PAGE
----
Andrew Jackson,Our Country's Menace

Our 7th president, Andrew Jackson, was a zero for the people

3 Reasons why Andrew Jackson was a Zero for the People

By: Sebastian Abrea

Andrew Jackson’s Unfair “Spoils System”

The “Spoils System” was a system that started around during Andrew Jackson’s presidency. In this, Andrew Jackson and his political party gave public office and roles to Jacksonian supporters during the election. This was a very negative aspect of Andrew Jackson’s presidency because in assigning promised public office to supporters, very qualified and experienced politicians were replaced with many who were considered as common man.

Andrew Jackson’s Forced Indian Removal Act

The Indian Removal Act, the most controversial aspect of Jackson’s presidency, was an act that was signed by Andrew Jackson on May 28th, 1830 and authorized President Jackson to grant and force Native American tribes to the west of the Mississippi River. Because of Andrew Jackson’s Indian Removal Act, about 4,000 Cherokees died because of multiple poor conditions such as insufficient supplies while in march to the west, commonly known as the dreaded “Trail of Tears”.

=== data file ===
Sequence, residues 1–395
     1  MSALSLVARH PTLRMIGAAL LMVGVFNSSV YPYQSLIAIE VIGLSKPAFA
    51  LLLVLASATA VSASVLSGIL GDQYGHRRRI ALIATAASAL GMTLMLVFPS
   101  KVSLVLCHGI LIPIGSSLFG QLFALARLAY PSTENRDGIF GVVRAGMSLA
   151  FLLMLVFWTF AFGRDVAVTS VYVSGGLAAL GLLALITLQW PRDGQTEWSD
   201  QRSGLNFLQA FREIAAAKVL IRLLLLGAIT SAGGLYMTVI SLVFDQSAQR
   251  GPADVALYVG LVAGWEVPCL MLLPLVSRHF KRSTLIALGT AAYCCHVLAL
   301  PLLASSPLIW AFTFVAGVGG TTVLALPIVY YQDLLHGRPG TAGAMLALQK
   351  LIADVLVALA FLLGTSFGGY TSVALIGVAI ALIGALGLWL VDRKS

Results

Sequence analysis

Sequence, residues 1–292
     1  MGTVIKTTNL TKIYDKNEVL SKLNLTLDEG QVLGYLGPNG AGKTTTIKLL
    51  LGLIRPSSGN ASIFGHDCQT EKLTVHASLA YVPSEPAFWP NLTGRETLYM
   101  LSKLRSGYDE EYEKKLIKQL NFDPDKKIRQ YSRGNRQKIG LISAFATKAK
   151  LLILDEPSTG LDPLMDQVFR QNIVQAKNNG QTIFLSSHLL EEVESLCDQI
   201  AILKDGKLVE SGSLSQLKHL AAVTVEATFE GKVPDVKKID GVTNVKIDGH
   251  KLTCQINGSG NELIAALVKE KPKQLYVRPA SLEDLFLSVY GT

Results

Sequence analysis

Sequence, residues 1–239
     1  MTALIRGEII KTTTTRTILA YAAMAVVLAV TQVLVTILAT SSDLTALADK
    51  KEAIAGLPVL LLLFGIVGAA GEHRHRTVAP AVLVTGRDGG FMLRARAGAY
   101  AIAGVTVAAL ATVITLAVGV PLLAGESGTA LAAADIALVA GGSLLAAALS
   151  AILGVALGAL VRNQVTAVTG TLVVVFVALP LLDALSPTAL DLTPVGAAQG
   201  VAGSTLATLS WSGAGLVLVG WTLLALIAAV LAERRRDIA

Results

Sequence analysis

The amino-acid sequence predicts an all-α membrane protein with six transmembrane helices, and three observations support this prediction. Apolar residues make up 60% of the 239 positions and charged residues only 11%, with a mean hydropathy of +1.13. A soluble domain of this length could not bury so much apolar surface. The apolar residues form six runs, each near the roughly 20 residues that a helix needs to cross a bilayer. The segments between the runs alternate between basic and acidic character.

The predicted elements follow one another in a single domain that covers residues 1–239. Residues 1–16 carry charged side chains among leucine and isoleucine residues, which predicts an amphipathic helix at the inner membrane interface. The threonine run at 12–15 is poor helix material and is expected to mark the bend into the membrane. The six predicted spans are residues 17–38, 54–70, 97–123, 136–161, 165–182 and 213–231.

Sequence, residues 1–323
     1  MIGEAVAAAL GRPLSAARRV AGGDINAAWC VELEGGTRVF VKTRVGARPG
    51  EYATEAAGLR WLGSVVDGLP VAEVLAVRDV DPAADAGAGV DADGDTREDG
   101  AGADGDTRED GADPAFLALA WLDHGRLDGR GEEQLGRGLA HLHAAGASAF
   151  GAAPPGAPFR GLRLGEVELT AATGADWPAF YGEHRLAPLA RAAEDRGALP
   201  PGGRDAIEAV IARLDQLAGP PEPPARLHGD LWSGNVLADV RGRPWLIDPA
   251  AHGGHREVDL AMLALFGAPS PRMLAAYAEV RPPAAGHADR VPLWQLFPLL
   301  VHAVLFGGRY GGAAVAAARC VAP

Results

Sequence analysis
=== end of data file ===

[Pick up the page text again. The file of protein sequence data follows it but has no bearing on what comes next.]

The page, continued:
Andrew Jackson’s Unruly Nullification Crisis

The Nullification Crisis was a sectional crisis that occurred in regards to the taxes of 1828 and 1832. These two taxes upset the south and more so for South Carolina as South Carolina had an agricultural-based economy and was very dependent on imports. South Carolina decided to nullify the taxes and threatened to secede if the government interfered. In reaction to this, Congress passed the force bill which allowed Andrew Jackson to threaten South Carolina with an army against them. Andrew Jackson threatened them and made South Carolina agree to accepting the compromise tariff of 1833. This event is a clear example of how President Jackson took advantage of his executive role and overpowered the states.

Andrew Jackson, the "King" of the US

In this political cartoon, Andrew Jackson is depicted as a monarch holding a veto sign and is on a torn US Constitution. Andrew Jackson is a king in this picture because it shows the opinions of some of Jackson's opponents that Andrew Jackson abused the power of the Executive Branch (as depicted in the torn US Constitution), by vetoing and refusing many decisions like the Bank Recharter Bill (as depicted by the veto sign Andrew Jackson is holding).
Age of Jackson: Crash Course US History #14